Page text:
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Sleepy Teen Pedestrians More Likely to Get Hit, UAB Study Says

  • May 07, 2012
University of Alabama at Birmingham study reveals sleep-deprived adolescents are more likely to be hit by cars while crossing the street than those who are well-rested.
Aaron_Davis_2011_06University of Alabama at Birmingham study reveals sleep-deprived adolescents are more likely to be hit by cars while crossing the street than those who are well-rested.

“These 14- and 15-year-olds are perceived to be safe pedestrians, but we found that when they are sleepy they take more risks when crossing the street,” said Aaron Davis, M.A., author of the study and a doctoral candidate in the UAB Department of Psychology. “At this age they walk more because they can’t drive, and that is disconcerting because our results show they are 56 percent more likely to be hit by a car or experience a close call while crossing a street fatigued.”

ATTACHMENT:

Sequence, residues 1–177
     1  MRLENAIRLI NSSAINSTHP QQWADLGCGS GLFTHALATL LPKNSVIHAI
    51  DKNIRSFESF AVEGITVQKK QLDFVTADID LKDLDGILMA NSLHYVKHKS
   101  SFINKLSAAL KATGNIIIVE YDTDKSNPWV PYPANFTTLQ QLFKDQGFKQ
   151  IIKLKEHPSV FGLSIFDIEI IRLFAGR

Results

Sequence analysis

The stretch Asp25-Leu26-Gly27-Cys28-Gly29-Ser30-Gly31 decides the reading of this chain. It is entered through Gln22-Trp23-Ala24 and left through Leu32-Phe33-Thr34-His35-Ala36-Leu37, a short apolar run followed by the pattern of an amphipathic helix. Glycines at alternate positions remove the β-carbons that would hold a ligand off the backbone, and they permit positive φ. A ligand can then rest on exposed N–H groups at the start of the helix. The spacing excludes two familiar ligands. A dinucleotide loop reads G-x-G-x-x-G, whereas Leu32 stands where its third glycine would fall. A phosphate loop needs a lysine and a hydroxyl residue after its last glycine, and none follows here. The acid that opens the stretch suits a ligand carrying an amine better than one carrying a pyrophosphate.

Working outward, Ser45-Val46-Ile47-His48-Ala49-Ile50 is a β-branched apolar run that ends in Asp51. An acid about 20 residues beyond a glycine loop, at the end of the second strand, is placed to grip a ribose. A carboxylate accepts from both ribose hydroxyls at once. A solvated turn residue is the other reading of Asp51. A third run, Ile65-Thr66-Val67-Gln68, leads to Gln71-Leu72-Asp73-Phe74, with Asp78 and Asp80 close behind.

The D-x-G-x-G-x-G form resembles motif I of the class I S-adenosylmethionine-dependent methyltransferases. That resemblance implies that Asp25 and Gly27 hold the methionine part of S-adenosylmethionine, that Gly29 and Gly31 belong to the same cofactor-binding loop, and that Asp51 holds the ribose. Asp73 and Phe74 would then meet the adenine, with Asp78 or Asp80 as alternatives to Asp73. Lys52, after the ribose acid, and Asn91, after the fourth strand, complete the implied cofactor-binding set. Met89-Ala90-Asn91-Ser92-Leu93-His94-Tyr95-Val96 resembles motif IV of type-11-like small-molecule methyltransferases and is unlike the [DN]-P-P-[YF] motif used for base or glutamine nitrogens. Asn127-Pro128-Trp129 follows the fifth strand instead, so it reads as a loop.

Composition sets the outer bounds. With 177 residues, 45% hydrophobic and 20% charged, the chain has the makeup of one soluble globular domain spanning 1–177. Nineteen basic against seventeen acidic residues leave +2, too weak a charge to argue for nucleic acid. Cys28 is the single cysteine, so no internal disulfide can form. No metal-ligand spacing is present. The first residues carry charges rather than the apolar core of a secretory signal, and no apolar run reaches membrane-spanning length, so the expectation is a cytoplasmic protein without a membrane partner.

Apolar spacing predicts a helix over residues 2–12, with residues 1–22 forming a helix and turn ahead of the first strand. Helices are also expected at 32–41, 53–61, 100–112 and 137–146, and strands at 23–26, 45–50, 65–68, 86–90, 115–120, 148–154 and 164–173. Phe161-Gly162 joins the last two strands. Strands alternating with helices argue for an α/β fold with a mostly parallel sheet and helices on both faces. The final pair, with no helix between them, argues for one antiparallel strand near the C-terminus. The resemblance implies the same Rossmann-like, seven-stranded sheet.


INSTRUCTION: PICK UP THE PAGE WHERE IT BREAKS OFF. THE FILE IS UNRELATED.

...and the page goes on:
Adolescents require more sleep, a minimum of 8.5 hours uninterrupted each night, than young children. Davis, whose work on this subject recently won the Student Poster Award at the Midwest Regional Conference on Pediatric Psychology, studied 55 adolescents in a virtual reality pedestrian environment at the UAB Youth Safety Lab. Student sleep was measured for two weeks by actigraphy. Participants wore the actigraph watch, and each was studied after sleeping four hours and eight and a half hours. The research revealed teens that slept four hours experienced more hits, more close calls and took more time to initiate crossings; however, adolescents with a full night sleep missed more safe opportunities to cross the street.